If the mission is more important than your comfort levels, what’s stopping you? Either you believe in that mission or you don’t. If it’s not worthy of your efforts, then don’t do it. But if it IS worthy of your time and efforts, then you are going to have the face the fact your fear is getting in the way of the mission and one of them has to go. (Hint: it’s the fear.)

3. Be a Human Being

musician braving the spotlight

I invite you to allow yourself to be human. None of us are not perfect and if we were, we wouldn’t be human. So let’s let go of this fantasy of being perfect. That’s unrealistic and the attempt to do so will become a source of great unhappiness.

When it comes to performing or giving speeches in front of people, no one is expecting you to be absolutely perfect, you have to let that go.

In fact, since we are all humans and completely fallible, I would argue that most people (if not all of us) are secretly hoping you aren’t perfect up there. Perhaps we are a bit relieved when the performer makes a mistake or two so we can feel better about ourselves and our own mistakes. What do you think? Is there some part of us that likes it when someone braving the spotlight messes up?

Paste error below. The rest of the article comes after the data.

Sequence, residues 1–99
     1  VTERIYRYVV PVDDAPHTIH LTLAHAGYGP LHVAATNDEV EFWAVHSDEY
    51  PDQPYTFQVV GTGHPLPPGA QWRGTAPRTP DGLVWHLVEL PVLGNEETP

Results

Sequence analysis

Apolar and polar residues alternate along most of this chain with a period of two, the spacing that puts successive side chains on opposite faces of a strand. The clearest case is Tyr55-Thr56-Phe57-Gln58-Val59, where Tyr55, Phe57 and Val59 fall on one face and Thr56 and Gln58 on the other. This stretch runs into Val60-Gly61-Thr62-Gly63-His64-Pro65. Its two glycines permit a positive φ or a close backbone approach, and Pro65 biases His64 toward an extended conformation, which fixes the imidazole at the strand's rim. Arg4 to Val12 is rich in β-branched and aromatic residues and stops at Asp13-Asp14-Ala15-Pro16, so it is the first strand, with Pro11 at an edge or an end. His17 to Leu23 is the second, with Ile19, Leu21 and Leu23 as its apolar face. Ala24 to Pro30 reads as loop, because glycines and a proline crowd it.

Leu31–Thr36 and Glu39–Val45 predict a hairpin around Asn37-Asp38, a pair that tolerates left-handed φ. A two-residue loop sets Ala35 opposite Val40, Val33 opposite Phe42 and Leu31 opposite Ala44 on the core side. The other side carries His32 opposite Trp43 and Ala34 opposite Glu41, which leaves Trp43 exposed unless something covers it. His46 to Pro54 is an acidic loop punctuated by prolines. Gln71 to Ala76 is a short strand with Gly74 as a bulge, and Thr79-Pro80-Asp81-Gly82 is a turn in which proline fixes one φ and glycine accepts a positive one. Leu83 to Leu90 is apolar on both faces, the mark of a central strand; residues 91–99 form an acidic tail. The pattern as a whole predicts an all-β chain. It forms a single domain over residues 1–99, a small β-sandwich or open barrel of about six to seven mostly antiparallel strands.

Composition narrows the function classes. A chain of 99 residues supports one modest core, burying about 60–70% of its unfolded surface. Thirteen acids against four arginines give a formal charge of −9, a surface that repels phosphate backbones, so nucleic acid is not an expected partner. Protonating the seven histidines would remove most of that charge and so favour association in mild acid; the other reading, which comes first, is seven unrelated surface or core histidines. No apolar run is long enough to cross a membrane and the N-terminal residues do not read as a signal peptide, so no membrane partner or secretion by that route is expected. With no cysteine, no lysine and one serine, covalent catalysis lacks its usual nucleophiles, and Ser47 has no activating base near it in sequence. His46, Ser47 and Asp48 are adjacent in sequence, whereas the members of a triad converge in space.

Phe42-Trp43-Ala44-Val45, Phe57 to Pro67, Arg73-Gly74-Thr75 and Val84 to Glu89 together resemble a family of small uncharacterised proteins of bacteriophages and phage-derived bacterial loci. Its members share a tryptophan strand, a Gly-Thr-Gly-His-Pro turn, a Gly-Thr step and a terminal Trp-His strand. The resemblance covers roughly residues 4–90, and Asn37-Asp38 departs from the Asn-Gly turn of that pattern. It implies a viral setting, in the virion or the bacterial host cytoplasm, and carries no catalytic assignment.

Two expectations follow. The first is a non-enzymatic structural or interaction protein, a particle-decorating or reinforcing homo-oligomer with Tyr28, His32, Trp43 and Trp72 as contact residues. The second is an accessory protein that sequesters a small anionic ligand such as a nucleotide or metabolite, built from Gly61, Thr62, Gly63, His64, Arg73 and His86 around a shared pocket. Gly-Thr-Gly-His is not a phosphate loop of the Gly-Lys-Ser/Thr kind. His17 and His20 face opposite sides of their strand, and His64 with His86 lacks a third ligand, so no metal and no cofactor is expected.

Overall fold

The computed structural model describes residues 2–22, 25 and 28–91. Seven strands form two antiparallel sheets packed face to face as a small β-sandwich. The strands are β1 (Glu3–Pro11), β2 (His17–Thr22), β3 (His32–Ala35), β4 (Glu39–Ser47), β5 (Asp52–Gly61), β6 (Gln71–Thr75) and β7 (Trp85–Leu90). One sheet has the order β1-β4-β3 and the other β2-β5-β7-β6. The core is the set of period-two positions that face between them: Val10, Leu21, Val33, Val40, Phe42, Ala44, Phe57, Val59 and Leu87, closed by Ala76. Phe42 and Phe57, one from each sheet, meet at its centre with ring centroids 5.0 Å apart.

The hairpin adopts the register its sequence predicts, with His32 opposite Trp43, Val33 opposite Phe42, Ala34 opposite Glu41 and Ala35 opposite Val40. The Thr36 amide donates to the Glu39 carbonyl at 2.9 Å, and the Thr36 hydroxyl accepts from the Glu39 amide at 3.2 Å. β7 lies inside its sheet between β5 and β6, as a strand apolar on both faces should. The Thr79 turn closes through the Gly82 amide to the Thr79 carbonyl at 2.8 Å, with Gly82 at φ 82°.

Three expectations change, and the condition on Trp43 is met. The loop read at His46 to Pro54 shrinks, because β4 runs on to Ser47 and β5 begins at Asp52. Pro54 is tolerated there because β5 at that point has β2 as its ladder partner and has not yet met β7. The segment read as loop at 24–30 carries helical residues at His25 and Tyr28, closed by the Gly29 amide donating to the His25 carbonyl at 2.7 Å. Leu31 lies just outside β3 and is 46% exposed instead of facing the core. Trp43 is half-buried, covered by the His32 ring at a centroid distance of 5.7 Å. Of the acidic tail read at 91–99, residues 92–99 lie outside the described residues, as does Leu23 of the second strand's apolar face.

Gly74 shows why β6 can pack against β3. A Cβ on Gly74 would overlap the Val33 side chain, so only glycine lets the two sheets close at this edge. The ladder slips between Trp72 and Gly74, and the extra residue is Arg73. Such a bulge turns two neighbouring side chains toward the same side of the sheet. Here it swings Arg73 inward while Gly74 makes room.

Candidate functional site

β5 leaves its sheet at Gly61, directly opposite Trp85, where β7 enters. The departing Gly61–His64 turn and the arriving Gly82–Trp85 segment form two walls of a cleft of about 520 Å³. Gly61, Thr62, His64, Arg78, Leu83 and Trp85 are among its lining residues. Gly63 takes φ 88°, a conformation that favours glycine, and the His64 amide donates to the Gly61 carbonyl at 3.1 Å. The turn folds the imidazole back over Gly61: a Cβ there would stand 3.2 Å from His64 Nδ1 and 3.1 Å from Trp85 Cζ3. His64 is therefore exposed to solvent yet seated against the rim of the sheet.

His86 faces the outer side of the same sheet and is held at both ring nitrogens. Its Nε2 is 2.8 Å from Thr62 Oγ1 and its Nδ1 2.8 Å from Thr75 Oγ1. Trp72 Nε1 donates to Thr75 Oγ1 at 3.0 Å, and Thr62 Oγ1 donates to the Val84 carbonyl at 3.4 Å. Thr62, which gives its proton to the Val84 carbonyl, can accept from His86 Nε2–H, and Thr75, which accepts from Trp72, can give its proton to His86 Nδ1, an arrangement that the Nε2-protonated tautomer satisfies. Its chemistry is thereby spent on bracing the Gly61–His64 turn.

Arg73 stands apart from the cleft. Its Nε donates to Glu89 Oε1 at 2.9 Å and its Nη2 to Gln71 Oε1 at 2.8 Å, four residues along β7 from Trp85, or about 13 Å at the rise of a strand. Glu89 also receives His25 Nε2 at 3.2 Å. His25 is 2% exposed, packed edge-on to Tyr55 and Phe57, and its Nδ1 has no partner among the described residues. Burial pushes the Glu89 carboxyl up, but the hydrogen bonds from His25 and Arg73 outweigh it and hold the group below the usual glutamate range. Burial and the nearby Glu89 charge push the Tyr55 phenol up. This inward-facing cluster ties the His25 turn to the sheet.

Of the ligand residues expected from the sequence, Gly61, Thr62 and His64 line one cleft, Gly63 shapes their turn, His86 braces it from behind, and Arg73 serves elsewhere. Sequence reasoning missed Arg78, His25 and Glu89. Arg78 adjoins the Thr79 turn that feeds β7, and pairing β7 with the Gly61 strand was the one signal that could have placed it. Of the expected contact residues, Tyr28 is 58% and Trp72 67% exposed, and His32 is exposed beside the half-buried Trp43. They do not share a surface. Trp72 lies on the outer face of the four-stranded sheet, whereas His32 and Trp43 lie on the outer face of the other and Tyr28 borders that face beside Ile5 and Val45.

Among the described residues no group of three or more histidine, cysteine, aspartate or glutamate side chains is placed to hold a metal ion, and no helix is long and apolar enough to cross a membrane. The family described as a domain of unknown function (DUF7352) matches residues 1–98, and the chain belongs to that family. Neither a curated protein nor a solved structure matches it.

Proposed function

Not in a terrible “Oh I’m glad that person just got their soul crushed on stage” kind of a way. But when you see someone being entirely human and then recover from it and go on, don’t you feel a tiny bit better about all YOUR mistakes which happen constantly? Does it give you a ray of hope to think that you also might recover from mistakes and go on with the show? Showing the world how to gracefully move on from the inevitable flubs and flounders is also a gift. We’re only human after all!

4. Remember It’s Not about YOU

Woman braving the spotlight on stage
Image by Ria Sopala from Pixabay

If you look back at your mission, it likely isn’t all about you. If it is, you may need to reschedule your performance and re-examine your motives. Ask yourself if it’s worth even doing at all. Why? Because the path to a great performance involves getting out of yourself and asking how you can be of service to others.

I know, braving the spotlight seems like it would be all about….you. And those of us who are introverts really don’t like the spotlight shining on us, but did you know being nervous means you’re probably focusing too much on yourself?

In my experience, the way to be miserable as a performer is to place yourself at the center of importance. The people who are truly enjoying themselves up there, and being highly effective as well, are radiating a mission that comes from their heart and has others in mind. No exceptions.